Penguins Notebook: Armstrong, Therrien together again
MONTREAL -- Their personalities could not be any more different -- Colby Armstrong is so amiable, Michel Therrien so often gruff -- but their reunion likely couldn't have been more predictable.
When Toronto bought out Armstrong's contract last summer, less than a month after Montreal hired Therrien as coach, it seemed preordained that they would end up together again, unless new Canadiens general manager Marc Bergevin objected.
Which he didn't, so Armstrong -- who had played for Therrien in Wilkes-Barre and with the Penguins -- signed with the Canadiens the first day he was eligible to do so.
"I'm obviously comfortable with Michel," Armstrong said before Montreal's game against the Penguins Saturday night at the Bell Centre. "I've had him for a long time and know what he expects."
Therrien is, in many ways, the same coach he was during his first stint behind the Canadiens' bench, even before he joined the Penguins' organization. Armstrong, though, said Therrien isn't exactly the same man he was in their previous times together.
"Maybe he's calmed down a little, maybe his fuse is a little longer," Armstrong said. "But, other than that, he's the same. The same mentality and approach.
"He sets the same standard for everyone. He has a good game plan and holds everyone to it."
Armstrong has been part of a solid fourth line for the Canadiens, but entered Saturday night without a goal since last Feb. 25, a run of 32 consecutive games.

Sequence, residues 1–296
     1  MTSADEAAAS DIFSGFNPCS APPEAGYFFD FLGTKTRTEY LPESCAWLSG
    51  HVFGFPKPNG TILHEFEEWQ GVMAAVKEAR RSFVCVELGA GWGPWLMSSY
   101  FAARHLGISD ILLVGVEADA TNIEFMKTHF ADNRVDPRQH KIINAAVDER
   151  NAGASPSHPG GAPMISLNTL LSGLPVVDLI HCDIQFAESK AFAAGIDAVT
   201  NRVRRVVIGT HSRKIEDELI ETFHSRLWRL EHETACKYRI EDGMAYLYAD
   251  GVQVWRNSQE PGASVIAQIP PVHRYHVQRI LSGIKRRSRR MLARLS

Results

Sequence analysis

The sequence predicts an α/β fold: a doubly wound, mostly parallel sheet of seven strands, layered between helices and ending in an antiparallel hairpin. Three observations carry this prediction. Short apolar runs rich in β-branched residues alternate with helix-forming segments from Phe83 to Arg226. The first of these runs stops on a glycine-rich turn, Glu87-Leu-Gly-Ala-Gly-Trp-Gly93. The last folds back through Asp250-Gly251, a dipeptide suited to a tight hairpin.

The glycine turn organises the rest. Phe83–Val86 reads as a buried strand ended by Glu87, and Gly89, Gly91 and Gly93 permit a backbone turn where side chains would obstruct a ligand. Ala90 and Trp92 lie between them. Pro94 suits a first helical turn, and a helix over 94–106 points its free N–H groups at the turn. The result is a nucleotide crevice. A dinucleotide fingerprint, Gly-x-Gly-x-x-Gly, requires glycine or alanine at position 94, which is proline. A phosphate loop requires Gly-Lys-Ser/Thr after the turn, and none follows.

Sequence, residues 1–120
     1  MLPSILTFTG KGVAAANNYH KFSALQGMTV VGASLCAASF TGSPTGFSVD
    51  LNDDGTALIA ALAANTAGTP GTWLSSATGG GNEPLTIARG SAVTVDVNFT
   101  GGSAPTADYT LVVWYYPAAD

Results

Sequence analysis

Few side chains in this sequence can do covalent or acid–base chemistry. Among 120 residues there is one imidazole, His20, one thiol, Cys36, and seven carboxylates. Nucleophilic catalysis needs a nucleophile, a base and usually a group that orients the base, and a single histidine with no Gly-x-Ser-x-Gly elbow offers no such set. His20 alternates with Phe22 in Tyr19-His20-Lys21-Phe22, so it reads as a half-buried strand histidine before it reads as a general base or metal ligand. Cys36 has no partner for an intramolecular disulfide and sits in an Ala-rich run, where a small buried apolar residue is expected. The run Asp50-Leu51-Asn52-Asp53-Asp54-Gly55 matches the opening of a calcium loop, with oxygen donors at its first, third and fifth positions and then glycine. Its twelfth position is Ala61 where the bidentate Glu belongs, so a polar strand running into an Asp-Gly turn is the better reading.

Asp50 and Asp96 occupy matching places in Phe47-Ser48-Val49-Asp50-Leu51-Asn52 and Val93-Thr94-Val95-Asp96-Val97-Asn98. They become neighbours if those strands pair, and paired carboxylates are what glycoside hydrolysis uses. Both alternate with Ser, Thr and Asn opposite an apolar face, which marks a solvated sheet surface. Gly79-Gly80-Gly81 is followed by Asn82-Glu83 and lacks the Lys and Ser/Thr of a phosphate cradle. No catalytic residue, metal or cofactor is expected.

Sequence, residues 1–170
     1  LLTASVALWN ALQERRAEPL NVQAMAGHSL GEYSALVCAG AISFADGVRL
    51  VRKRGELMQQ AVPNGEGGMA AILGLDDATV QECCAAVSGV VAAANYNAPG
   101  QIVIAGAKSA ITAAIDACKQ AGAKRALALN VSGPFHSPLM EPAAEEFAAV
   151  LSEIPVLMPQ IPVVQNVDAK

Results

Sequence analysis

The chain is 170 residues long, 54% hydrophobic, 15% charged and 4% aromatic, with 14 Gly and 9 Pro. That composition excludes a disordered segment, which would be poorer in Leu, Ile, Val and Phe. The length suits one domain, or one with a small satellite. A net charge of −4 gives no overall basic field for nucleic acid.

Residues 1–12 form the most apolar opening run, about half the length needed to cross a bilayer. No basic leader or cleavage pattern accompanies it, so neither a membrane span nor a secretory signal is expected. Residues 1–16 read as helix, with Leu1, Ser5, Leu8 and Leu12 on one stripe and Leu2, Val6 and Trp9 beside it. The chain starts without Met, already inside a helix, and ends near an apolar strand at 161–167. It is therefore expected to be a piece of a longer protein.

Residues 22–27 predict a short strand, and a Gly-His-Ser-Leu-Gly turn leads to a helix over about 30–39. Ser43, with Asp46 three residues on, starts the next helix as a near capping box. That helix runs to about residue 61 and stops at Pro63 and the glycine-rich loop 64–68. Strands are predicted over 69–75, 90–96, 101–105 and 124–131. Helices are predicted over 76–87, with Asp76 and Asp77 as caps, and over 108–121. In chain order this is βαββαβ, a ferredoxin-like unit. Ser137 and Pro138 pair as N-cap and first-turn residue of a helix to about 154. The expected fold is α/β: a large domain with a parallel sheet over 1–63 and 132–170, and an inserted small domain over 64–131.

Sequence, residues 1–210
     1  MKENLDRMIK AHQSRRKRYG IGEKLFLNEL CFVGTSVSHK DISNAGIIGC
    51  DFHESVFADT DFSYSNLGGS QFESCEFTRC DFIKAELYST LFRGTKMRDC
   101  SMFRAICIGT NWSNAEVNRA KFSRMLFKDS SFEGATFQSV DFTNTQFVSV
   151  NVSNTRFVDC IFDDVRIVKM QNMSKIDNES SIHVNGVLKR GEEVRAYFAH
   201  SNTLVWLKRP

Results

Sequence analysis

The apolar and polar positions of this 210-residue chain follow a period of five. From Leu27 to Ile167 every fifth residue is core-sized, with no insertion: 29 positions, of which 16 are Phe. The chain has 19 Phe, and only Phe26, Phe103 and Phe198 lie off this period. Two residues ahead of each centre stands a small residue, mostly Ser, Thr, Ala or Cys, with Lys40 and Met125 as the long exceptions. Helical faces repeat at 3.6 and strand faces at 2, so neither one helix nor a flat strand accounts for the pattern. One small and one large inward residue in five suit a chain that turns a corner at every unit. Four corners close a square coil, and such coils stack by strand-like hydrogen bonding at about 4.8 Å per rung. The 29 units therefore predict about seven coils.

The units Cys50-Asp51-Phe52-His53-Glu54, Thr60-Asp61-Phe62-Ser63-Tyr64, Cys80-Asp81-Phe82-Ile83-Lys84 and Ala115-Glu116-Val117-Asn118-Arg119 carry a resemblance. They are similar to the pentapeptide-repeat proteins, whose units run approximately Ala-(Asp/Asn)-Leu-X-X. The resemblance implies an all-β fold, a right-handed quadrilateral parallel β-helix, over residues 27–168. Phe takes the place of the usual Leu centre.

"I've had my chances, for sure," he said. "I just haven't been able to put it in, so it does get frustrating."
No ice for Malkin
Penguins center Evgeni Malkin, recovering from a concussion, has engaged in off-ice workouts the past two days, coach Dan Bylsma said.
Malkin skated Wednesday and Thursday, but Bylsma said there was no medical reason that compelled him to stay off the ice Friday and Saturday.
The problem Saturday, he added, was one of available ice.
The Penguins have not announced a timetable for Malkin to resume practicing or return to the lineup.
Realignment plan bogs down
There is a growing sense that the realignment plan the NHL shared with its member clubs last week is unlikely to be approved by the NHL Players' Association.
The issue is not necessarily how the teams are grouped, but with the fact that there would be two seven-team divisions in the Western Conference and two eight-division teams in the Eastern.
With eight playoff qualifiers coming from each conference, clubs in the West would, on the basis of simple math, have a better chance of getting into the postseason than those in the East. That's a concern to the NHLPA because players can parlay a strong playoff performance into lucrative contracts.
"It's still a work in progress," Penguins left winger Matt Cooke said. "I don't think it's going to be perfect for anybody.
"From a players' aspect, we have to make sure it's an even playing field, all the way around."
Putting 15 teams in each conference wouldn't be simple. Detroit and Columbus, both based in the Eastern time zone, are intent on getting out of the West. That leaves just 14 franchises in the Central, Mountain and Pacific time zones.
Night off for Fleury
There were many reasons to believe that Marc-Andre Fleury would start in goal for the Penguins Saturday.
He has played well consistently, the Penguins were making their only appearance this season in a city about an hour from his hometown and they were in need of a victory after sub-par performances in losses against Florida and Carolina. Bylsma, however, went with Tomas Vokoun, who had been pulled from the game against the Panthers.
"There's some consideration to [starting Fleury in his home province]," Bylsma said. "But with the schedule the way it's been for us, this is a game Tomas was scheduled to play for a couple of weeks."
First Published March 3, 2013 12:00 am